Re-building a 1926 Ford Model T from a pile of components in no more than 16 hours is the challenge a team of dedicated car enthusiasts has accepted.
The scale of their task is heightened by the fact the car will have to pass a stringent MoT test within hours of being completed and then be driven the 840 miles from Lands End to John O'Groats!
The challenge was issued by the National Motor Museum at Beaulieu in Hampshire and the enthusiasts, from the Ford Model T Register, will set out to beat the clock over the weekend of the world famous International Autojumble, September 12 – 13.
Lord Montagu of Beaulieu commented: "We're very excited about the challenge we've set this year at the International Autojumble. We are doing it to celebrate not only the centenary of Ford Motor Company but also a truly remarkable car, the Model T. And the run from Lands End to John O'Groats should prove the quality of the work!"
The rules are simple: the entire car has to be assembled from scratch during the hours that the Autojumble is open to the public and it has to be finished and running before the event ends on the Sunday evening. At any one time no more than six people can work on the car, but it need not be the same six throughout the weekend.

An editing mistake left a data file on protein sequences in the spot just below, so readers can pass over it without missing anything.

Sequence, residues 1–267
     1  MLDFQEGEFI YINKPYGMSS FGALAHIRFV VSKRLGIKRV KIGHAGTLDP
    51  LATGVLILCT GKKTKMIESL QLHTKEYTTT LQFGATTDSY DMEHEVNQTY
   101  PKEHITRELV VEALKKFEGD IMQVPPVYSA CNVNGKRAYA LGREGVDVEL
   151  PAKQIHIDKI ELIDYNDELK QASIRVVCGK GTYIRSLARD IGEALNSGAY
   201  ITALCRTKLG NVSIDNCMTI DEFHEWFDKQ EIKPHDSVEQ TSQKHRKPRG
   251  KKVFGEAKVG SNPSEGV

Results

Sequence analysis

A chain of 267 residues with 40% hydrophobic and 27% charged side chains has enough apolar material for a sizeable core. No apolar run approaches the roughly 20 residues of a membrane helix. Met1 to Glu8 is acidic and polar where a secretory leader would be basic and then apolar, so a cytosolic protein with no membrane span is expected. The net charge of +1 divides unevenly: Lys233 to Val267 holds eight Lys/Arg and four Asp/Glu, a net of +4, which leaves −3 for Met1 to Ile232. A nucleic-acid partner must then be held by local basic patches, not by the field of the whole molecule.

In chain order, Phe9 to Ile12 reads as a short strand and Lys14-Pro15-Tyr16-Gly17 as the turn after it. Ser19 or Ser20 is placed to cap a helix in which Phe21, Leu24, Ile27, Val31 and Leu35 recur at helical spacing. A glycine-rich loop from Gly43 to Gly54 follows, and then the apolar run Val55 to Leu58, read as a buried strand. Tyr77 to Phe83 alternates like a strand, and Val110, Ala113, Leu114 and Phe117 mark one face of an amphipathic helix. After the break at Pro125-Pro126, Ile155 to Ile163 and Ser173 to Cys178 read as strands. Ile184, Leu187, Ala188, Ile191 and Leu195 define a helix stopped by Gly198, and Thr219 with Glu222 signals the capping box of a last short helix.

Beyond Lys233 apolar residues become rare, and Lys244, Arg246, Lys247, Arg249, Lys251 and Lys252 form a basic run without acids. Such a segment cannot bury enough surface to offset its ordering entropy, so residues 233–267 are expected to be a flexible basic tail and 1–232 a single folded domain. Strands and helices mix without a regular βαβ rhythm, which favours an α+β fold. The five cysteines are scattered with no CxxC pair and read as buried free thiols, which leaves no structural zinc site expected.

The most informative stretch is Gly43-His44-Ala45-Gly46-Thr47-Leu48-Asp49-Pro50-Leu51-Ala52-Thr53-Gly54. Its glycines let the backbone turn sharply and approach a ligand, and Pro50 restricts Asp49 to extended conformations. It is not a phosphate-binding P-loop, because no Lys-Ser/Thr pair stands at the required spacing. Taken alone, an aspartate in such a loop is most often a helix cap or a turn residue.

Visitors to the Autojumble will have the opportunity to guess the number of seconds it will take for the work to be completed, with the winner receiving an £800 Snap-On Tools kit. For those unable to attend the Autojumble, regular updates on the team's progress will be posted on the National Motor Museum's website (www.beaulieu.co.uk ).
The Ford Model T, acclaimed as the Car of the 20th Century by a jury of international journalists, was credited as being the car which 'put the world on wheels'. Affectionately known as the 'Tin Lizzie', the Model T was introduced in 1908, and when production ended in 1927 over 15 million had been built and sold around the world.
Around 300,000 of that total were built at the Ford factory at Trafford Park, Manchester between 1911 and 1927 – Henry Ford's first assembly plant outside of North America.
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